Back Stage: How do you deal with criticism?

Blair: In this case, I told myself I should probably just be glad they're talking about the damn movie.

Back Stage: Do you spend any time reading what the public is saying, like on message boards?

Blair: I try not to. Guillermo [del Toro] warned me during Hellboy not to check out message boards, but I did. And I was like, "Oh my God, people hate me! They think I'm the ugliest thing ever and should be chained up and live in a basement." People really get creative with hatred on the Internet. And it's hard, it's cyber bullying. You should know better not to get involved with that negativity, but we're human and we're intrigued when people are saying something about us. But there are supporters, too; there are fan sites that are really nice that I check in on once in a while. And it's sweet, and I'm just grateful to have a fan. But Guillermo said it best when he told me, "Don't look. It's like licking the bottom of a toilet seat: Nothing good is going to come of it."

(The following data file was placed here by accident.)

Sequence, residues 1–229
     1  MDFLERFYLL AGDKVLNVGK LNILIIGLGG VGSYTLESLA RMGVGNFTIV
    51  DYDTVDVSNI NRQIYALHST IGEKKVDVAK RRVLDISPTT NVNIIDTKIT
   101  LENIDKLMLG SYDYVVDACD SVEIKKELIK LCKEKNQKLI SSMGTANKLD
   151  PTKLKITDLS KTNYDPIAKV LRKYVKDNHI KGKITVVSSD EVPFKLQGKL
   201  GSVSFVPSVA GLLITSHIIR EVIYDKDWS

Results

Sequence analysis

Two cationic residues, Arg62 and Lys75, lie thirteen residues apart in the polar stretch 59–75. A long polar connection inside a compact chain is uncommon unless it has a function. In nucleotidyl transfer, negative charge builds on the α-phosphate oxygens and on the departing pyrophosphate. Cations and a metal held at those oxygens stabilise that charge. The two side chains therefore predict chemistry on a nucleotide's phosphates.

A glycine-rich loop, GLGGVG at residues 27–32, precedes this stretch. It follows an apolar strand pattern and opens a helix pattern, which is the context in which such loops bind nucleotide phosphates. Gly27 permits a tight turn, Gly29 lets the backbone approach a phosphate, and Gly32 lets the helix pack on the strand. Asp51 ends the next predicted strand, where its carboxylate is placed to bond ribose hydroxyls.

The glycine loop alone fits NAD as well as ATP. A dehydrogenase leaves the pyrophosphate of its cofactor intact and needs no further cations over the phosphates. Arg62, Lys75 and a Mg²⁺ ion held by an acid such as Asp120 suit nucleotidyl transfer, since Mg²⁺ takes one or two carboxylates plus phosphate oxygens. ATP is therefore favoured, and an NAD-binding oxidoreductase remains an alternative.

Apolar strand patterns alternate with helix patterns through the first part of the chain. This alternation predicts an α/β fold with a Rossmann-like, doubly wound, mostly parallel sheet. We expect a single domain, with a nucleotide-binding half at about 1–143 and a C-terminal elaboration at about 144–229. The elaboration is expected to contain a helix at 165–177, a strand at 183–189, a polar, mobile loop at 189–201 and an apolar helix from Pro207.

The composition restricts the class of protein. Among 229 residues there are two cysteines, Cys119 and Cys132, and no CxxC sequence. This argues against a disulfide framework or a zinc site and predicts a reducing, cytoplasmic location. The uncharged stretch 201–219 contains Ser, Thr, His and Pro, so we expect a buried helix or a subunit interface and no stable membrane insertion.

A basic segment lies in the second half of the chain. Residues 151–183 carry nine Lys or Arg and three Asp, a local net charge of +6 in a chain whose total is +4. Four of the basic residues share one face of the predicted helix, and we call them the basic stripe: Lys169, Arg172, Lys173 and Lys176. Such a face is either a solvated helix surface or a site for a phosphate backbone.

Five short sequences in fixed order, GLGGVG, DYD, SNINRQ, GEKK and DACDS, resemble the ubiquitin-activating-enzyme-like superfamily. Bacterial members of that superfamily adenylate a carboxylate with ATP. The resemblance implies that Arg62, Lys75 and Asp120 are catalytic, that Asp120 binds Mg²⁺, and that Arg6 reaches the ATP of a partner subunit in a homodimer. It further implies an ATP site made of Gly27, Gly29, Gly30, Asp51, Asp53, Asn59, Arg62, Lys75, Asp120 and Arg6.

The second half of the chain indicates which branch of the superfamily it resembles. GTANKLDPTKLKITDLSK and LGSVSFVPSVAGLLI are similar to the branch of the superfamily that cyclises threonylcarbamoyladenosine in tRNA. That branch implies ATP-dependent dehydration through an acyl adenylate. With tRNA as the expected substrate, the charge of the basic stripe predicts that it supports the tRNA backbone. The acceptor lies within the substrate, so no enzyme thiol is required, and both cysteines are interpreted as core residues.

Back Stage: Would you say Poker House was one of your most challenging roles?

Blair: People assume that. And they say same thing about Storytelling: "Oh, how hard to go there." But it's my strength—or weakness—as an actor and as a person that those are the easy roles for me. The darker sides of people are a familiar spot for me, and those are much more comfortable, honest roles for me. There's something to hold on to, rather just being there and being the girl.